And they kept coming, and they were flying. I looked over at Clem, and a bottle had just smashed on Clem’s drums and split into little miniature grenades. The glass was just like shrapnel. I saw that Clem had all these little cuts, and then, pow, it happened. I got hit right between the eyes with a Jack Daniel’s bottle.KO’d. All I can remember was blood, a lot of blood. But I’d been playing with Iggy for a long time by then, and I was just used to that kind of stuff.
I don’t know how long I was out, but when I came to, I don’t think anybody else knew except Carlos. And he couldn’t stop playing. He saw me go out, and when I came to, there was just blood everywhere, and that’s all that I can remember. And I just picked up where we left off and started playing again, because what am I going to do? Call timeout, or say, hey, is this some kind of a joke, people? You hit me, and that could be dangerous. There was nothing I could say and nothing I could do. And Iggy was oblivious.He was out there doing his Iggy Pop thing.
And Iggy gets oblivious. I’ve seen him fall off huge things where normal people would have their legs broken. So I got up to play again, and kaboom. Within the next five minutes, another bottle was thrown, and it knocked my front teeth out. Somehow I got finished doing the show,and we went right from the stage to the infirmary. They had doctors there that were treating the crowds for heat exhaustion. Whatever. But it was not what I thought it was going to be, like, playing with the Rolling Stones.
It was a big drag. And we had to do it again the next night. I went up there with a bandaged-up nose, no teeth, and makeup. This was toward the end of my time touring with Iggy.
One of our last tours was called the Breaking Point tour. And we thought somebody was going to die on that tour, because the drug and alcohol use had gone to record proportions, and it was just out of control. But basically, who’s going to tell you no when you’re the one calling the shots?
Well, about this time, I started thinking about retiring. It was just, like, you know, I’d done pretty much everything that I could do in the rock and roll thing. And right now, I’m tired. How much more can you do, really? How much more coke can you do? How much more can you drink? How many more girls can you meet, or whatever was happening? And I started getting a time clock that was ticking.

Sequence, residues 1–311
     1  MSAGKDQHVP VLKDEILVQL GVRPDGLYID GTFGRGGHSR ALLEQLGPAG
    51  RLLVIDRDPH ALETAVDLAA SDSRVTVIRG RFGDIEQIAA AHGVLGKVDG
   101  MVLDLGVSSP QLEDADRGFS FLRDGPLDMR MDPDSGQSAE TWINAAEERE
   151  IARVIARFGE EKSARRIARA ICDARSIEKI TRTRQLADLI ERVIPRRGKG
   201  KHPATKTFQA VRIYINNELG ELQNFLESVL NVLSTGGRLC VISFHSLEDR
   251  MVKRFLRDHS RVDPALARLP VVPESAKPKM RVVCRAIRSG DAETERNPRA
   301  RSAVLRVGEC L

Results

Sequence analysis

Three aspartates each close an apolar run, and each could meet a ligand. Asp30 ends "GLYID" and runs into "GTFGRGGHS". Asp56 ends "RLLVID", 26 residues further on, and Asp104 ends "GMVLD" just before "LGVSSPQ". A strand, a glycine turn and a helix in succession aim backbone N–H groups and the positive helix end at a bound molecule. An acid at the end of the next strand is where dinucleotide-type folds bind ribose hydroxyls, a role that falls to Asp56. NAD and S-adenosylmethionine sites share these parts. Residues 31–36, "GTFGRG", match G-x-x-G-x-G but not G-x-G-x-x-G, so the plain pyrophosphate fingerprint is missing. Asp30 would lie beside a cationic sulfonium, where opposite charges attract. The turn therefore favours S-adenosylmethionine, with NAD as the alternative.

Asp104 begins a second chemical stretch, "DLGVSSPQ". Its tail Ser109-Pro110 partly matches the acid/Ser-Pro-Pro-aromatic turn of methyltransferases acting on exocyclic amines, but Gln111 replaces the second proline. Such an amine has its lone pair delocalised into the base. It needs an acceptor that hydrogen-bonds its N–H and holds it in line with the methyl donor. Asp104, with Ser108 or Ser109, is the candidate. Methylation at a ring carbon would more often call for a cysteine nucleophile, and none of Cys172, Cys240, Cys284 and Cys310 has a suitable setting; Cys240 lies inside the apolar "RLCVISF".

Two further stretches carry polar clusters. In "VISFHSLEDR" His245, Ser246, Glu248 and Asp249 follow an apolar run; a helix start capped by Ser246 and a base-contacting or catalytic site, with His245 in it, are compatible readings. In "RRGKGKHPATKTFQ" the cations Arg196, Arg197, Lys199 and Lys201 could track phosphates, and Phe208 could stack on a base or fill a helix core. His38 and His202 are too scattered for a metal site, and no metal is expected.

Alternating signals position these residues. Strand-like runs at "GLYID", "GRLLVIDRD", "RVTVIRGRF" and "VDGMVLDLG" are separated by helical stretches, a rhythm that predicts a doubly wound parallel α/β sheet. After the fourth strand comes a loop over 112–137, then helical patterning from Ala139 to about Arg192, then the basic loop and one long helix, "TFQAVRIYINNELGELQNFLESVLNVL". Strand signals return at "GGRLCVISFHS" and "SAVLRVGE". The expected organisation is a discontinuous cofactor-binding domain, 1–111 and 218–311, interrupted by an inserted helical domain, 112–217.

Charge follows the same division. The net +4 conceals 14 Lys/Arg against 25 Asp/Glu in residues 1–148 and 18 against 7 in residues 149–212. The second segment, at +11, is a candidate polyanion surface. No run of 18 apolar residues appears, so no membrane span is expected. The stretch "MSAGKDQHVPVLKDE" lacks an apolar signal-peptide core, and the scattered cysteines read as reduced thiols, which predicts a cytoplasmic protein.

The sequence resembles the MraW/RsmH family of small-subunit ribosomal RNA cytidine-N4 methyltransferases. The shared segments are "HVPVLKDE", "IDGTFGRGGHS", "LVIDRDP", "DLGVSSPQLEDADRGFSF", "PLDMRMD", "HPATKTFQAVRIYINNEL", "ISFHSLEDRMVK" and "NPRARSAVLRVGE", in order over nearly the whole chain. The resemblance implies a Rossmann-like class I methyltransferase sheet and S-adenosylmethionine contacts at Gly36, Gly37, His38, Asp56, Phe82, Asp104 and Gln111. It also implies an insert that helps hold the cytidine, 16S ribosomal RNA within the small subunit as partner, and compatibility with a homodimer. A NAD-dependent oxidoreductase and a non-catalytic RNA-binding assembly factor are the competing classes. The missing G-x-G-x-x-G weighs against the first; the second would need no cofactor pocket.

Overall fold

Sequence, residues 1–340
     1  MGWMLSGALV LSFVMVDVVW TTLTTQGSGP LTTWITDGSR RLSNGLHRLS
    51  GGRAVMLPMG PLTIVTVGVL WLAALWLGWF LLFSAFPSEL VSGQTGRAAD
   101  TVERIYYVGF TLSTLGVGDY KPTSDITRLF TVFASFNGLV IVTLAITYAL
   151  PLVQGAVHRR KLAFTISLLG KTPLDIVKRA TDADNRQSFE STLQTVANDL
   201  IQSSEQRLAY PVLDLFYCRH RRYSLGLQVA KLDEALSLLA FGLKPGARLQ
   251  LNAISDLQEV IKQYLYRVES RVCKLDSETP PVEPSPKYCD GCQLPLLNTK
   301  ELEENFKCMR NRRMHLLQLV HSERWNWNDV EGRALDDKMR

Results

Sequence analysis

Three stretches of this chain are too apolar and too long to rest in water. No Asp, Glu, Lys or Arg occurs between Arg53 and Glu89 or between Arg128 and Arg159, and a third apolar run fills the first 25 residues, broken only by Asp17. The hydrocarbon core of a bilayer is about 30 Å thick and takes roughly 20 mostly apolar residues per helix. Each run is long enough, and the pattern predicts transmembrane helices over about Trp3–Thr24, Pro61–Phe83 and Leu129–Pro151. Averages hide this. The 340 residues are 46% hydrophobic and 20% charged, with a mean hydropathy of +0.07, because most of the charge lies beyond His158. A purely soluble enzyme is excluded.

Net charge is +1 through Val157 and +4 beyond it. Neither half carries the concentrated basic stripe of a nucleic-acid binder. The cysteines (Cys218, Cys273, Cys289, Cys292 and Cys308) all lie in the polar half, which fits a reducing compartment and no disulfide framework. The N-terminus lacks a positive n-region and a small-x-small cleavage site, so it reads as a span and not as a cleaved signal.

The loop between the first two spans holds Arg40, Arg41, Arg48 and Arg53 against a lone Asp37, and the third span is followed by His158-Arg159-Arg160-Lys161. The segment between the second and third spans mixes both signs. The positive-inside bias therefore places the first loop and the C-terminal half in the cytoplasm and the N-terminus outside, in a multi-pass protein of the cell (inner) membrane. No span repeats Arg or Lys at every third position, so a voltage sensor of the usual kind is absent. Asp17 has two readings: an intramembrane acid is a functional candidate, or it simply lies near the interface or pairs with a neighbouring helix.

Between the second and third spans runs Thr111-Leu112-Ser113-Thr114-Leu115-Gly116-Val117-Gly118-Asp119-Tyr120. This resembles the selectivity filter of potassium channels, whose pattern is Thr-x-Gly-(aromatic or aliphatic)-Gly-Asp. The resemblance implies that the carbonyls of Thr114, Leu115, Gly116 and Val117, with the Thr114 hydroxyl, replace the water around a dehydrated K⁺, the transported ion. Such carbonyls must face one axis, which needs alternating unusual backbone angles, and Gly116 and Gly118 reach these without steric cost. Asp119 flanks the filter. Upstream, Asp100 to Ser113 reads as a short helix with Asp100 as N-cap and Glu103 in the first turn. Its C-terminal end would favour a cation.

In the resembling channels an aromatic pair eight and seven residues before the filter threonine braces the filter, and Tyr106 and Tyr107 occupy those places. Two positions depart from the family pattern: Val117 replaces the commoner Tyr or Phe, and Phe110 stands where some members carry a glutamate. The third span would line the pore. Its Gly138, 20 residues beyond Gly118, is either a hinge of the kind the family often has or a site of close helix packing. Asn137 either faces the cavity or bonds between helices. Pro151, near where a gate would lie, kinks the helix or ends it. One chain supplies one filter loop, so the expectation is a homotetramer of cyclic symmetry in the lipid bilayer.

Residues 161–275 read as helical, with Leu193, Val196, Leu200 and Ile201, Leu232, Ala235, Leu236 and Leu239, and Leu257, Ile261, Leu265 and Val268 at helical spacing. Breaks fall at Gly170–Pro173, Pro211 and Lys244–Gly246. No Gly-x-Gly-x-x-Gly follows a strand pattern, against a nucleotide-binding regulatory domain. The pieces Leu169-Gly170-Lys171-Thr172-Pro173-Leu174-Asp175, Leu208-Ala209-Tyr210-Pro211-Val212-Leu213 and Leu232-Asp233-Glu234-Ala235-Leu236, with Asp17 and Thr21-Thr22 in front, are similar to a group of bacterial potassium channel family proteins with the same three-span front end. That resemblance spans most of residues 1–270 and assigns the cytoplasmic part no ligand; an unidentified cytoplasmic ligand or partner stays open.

See, right towards the end I met a girl in San Diego. Now, I’ve met girls from all over, but this one I got serious about. She was a homegirl, and she knew what was going on with me, being a rock and roll guy from San Diego. Circumstances led to our meeting, and we hit it off right away. And it just so happened that I had a little bit of time off, a matter of days or whatever, and we developed a relationship. Then when I came back again and had a little bit more time off, our relationship got heavy. And I asked Charlene to marry me.
Actually, I asked her if she’d like to come to Paris, because I was going on another Iggy tour. And I got my great-grandmother’s platinum wedding ring, and whatever. And she’s, like,“Yeah, go figure. Yes, of course,dummy. I’ll marry you.” So she came to Europe with us. And I’m still honorable with Iggy, and I’m not going to drag her around with me. He’d hired me as a musician and didn’t want me to bring an entourage with me. We found it difficult to get married in Paris, but I cemented my relationship with her. And my buddy, Frankie Infante from Blondie — one of the most talented musicians I’d ever met — we bonded on that tour.Charlene and Frankie and I went to the Louvre in Paris, and we did all the stuff that tourists did. Paris, London, like it would never end.
And I warned Charlene about Iggy, that he didn’t really think anything about running around naked, so just get used to it. Whatever crazy, wild thing that could happen probably would happen. So just kind of stand behind me, take it all in, and relax. The next thing you know, there was a tap on the window, and it was Iggy. We were up eight floors from a boulevard in Paris, and somehow, he’d gotten outside. He was naked and banging on my window, saying,“Mikey, do you have toothpaste? We’re out of toothpaste.” So there he was. And I said, “Well, honey…Char…this is Iggy…Jim. And Jim, this is Char.”
Frankie and I ended up doing a couple of tours. We did the Australia and Japan tour and went to Hawaii for two weeks to rehearse for it. Charlene flew to Hawaii to be with me, so we rented cars and spent the day tooling around the island. And it was like it couldn’t have been better. Frankie became like a family member to me. So we do Japan. And I introduced Iggy to this girl, Suchi, who we’d met in Tokyo, and he brought her to Australia with him. I’d gotten married by then, and after I got married, things were a little bit different with me and Iggy. That’s just what happens when guys get married. We used to clown around about it, and Iggy used to ask me, “Mikey, do you think maybe one of these days I’ll be like you, be a lucky guy, meet the right girl, and settle down?” We’d think about it for a little bit, and then say, “Nah. It ain’t going to happen.” And we’d laugh about it. But he’d finally met the girl. He’d finally met Suchi and brought her back.And on the way back from Japan, I believe it was, we had a talk, and he was half drunk and stuff. But he said, “You know, she’s concerned. She thinks I drink too much. Do you think I drink too much?” And I went, “Of course not. You taught me everything I know about drinking.”